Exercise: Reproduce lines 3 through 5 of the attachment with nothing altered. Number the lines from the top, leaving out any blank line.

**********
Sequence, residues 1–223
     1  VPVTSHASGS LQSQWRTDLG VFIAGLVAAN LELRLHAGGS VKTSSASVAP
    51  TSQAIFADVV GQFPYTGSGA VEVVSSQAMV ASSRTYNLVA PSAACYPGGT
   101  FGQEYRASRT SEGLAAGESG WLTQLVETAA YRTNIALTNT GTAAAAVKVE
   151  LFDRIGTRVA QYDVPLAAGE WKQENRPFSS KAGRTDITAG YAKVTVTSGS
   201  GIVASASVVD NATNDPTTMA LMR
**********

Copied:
    51  TSQAIFADVV GQFPYTGSGA VEVVSSQAMV ASSRTYNLVA PSAACYPGGT
   101  FGQEYRASRT SEGLAAGESG WLTQLVETAA YRTNIALTNT GTAAAAVKVE
   151  LFDRIGTRVA QYDVPLAAGE WKQENRPFSS KAGRTDITAG YAKVTVTSGS